Betty-Chinn“I was born in a very good family. I’m one of 12 kids. And then in the 1960s, they had the Cultural Revolution. My mom was a US citizen and a Western educator. My mom believed in God, religion. Because my parents had religion and education, my family was a target for the government.

I was separated from my family and I lived on the street by myself. I had to wear a sign on my neck that said, ‘I’m a child of the devil.’ I had nothing to eat, hungry all the time. Every time when I asked for food, I was beaten up by people. Torture, separation from my family, abandoned, betrayal … this all happened at a very young age.

My sister took me out of the country … and then to Hong Kong. I did not know my birthday.

I had never been to school. I stayed home. Then I found my best friends on Sesame Street. They were the ones who taught me English.

Each day when I get up in the morning, I get moving, that’s my birthday. I am celebrating my birthday every single day when I can move, and I can breathe. I have my freedom. That’s the way I look at it.”

And now that you know how Ms. Chinn got her start in life, let’s take a look with what she is doing today.  Eventually Betty was sent to live with a sibling in California and settled in the town of Eureka in Humboldt County.  Married to now-retired Humboldt State University physics professor, Leung Chinn, the couple had two sons, and it was this that would spark Betty’s passion for helping others.

One day in 1984, while volunteering at her son’s elementary school, one of his classmates complained that she was always hungry.  Betty began putting an extra sandwich in her son’s lunch for the girl, only to discover a few days later that the girl and her family were homeless, living out of their car. So, Betty began sending extra food for the family, as well.  Although she didn’t realize it yet, she had just started down the path that would last for the rest of her life. She began observing people in the town and was shocked to see how many other people were in the same situation and decided to make it her mission to provide for the less fortunate in her community.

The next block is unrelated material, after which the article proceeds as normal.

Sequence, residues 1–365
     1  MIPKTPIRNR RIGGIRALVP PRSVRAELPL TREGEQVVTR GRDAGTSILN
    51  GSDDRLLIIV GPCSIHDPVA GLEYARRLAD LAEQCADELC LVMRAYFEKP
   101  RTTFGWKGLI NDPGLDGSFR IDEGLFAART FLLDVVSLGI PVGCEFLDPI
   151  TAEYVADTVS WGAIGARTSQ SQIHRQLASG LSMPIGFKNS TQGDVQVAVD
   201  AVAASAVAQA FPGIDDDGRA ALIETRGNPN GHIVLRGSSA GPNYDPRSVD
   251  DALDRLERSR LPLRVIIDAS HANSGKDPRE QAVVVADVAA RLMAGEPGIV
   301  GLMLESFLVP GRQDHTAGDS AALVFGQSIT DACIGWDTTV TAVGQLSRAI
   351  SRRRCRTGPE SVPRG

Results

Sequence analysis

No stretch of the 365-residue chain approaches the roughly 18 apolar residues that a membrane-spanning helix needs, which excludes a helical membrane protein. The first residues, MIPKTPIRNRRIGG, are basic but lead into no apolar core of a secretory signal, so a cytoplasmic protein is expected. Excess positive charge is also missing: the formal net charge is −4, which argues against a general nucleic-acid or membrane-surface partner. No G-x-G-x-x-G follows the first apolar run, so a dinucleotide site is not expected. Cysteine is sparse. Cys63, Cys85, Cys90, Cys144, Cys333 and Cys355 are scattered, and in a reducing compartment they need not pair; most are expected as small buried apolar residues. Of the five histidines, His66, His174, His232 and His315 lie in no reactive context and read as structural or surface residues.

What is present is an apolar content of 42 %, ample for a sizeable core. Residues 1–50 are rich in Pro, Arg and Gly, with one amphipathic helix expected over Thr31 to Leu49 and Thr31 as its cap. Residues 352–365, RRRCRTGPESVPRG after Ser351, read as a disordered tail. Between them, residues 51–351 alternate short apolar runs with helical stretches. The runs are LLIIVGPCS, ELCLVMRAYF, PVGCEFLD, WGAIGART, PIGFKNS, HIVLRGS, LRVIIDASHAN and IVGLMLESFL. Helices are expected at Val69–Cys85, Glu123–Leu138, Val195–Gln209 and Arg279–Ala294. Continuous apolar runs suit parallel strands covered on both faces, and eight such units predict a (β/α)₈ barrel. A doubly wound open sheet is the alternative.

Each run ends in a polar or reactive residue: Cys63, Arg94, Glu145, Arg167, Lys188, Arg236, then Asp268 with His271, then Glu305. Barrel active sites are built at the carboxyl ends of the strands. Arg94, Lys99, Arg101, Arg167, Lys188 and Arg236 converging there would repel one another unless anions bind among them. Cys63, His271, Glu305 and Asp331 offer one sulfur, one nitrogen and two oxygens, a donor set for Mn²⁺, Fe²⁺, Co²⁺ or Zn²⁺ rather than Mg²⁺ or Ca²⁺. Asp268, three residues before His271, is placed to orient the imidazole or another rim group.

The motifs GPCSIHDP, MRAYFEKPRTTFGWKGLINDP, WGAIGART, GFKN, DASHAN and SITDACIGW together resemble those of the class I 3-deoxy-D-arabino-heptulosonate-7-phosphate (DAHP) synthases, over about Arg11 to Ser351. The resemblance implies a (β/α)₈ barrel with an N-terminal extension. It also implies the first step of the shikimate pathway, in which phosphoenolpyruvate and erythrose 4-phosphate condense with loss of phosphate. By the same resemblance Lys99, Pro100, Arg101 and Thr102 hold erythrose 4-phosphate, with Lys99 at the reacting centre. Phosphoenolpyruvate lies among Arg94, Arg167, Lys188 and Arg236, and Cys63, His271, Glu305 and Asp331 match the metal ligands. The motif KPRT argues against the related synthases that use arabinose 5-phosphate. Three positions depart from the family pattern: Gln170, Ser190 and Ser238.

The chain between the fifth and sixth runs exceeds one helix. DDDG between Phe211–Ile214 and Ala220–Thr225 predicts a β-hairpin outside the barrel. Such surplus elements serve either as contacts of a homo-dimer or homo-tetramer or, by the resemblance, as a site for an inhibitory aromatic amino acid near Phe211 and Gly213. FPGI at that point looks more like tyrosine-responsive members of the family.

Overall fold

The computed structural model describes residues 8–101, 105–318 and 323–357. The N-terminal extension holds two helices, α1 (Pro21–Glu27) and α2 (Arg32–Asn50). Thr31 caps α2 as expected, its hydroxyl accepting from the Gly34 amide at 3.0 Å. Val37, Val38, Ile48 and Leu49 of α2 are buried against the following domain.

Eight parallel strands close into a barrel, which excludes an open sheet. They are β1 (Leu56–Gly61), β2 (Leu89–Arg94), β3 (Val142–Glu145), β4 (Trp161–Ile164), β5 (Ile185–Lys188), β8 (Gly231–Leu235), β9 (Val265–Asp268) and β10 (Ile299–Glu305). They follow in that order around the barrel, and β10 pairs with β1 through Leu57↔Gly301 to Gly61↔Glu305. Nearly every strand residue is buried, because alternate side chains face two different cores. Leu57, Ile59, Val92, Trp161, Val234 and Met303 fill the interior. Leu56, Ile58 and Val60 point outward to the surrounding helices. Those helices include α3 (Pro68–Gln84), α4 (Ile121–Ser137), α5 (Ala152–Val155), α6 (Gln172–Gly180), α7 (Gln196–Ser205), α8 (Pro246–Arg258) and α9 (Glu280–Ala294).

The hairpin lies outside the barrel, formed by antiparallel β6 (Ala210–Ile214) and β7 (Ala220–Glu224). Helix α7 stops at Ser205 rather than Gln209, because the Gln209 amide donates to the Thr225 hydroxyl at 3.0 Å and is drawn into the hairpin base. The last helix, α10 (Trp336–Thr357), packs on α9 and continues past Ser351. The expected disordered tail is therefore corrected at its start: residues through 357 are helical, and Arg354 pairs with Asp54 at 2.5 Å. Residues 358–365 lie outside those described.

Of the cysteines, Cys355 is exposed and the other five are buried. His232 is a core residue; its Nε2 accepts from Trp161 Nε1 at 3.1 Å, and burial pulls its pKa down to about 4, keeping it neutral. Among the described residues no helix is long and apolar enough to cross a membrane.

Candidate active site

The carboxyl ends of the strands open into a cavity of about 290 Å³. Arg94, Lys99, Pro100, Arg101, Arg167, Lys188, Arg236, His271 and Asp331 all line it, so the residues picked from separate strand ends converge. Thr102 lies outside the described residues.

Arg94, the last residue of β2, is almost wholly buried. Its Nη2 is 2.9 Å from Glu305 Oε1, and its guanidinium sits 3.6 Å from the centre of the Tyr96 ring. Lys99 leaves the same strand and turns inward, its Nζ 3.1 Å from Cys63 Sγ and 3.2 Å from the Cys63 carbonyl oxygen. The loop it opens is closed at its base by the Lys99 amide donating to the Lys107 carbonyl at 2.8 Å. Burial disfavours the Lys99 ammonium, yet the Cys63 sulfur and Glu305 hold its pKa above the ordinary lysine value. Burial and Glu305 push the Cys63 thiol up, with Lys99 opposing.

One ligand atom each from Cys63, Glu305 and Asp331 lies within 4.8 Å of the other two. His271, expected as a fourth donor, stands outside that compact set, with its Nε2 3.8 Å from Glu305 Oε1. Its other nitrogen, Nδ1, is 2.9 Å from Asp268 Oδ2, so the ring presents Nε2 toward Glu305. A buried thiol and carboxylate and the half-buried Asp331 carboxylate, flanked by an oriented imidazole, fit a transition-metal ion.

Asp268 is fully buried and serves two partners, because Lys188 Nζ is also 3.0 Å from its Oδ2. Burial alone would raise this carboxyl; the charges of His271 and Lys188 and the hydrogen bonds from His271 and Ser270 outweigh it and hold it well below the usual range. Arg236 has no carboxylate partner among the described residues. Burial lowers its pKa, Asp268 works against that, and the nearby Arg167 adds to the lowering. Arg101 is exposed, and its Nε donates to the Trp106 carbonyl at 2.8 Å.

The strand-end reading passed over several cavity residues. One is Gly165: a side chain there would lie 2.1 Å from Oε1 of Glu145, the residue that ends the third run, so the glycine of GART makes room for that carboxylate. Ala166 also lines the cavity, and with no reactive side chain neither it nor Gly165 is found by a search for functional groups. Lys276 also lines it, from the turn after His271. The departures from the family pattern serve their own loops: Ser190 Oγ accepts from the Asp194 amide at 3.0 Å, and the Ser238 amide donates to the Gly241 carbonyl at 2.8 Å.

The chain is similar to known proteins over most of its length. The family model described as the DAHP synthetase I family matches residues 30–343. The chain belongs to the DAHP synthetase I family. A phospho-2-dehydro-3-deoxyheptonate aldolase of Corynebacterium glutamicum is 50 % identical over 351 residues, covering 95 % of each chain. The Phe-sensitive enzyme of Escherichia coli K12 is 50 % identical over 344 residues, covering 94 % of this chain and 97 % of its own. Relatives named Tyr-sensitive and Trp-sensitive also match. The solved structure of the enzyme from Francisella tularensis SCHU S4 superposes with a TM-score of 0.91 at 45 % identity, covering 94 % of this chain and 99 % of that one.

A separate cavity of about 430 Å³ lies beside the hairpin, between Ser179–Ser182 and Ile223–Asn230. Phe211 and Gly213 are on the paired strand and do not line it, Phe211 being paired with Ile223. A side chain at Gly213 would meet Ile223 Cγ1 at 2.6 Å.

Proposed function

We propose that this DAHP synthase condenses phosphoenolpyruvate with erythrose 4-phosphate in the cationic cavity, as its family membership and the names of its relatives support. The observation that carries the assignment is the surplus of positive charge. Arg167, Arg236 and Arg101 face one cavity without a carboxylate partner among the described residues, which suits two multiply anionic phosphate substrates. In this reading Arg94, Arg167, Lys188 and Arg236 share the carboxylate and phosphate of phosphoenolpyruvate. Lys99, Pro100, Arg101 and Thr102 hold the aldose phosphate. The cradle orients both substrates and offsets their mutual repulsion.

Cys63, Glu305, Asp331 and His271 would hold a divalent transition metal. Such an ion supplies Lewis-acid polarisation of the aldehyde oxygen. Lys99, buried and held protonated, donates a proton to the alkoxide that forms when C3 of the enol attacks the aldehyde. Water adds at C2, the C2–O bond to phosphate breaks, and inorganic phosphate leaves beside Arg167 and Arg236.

“I’d do anything I could do to make people not hungry. When I even hear somebody say, ‘I’m hungry,’ my stomach hurts. I feel the hunger inside me. I still remember the hunger.”

She used income from her part-time job to buy food, which she would load into her car and deliver to people living on the street, under bridges and highways, anywhere she could find them. At first, she didn’t tell anyone about what she was doing – not even her husband.

“He did ask me, from time to time, ‘Why are you cooking so much food? Why we buy so much food from the supermarket?'”

He eventually found out – ten years later – and is now her biggest supporter!

Though she never publicized what she was doing, Chinn’s efforts were noticed and appreciated. In 2008, she received the Minerva Award for remarkable women from California’s first lady, Maria Shriver, which included a $25,000 prize.  By now, I’m sure you can guess that Betty did not spend that money on new clothes and a lavish vacation, right?  Nope, she built showers!  Yep, you heard me right … showers.  The following March, she opened Eureka’s first (only) free public shower facility, with the mantra “Providing Dignity One Shower at a Time”.

In 2010, she was one of 13 recipients of the 2010 Presidential Citizens Medal from President Barack Obama, the nation’s second highest civilian award. She was honored for showing how one person can touch the lives of hundreds of people whom the rest of the world has forgotten.Chinn-Obama-2010It was at that point that she started dreaming of opening a “Betty’s House,” a type of central location where she could help clients keep warm and fed while connecting them with a variety of services housed under one roof.  Four years later, this dream culminated in the Betty Kwan Chinn Day Center which houses Betty’s commercial kitchen, helps clients connect with services, jobs and housing, while also offering after school care, wellness courses, and educational programming for homeless Betty didn’t stop there!  In 2016, she opened Betty’s House, a family shelter that provides transitional housing up to 8 families at a time, giving them the stability, services, and support needed to find a permanent place to live. The shelter’s downstairs, operated in partnership with St. Joseph Hospital, offers a space for up to 10 homeless people recently discharged from the hospital to convalesce under a nurse’s 24/7 care.betty-house-front.png


Betty-house-2Betty-house-3But we’re still not done …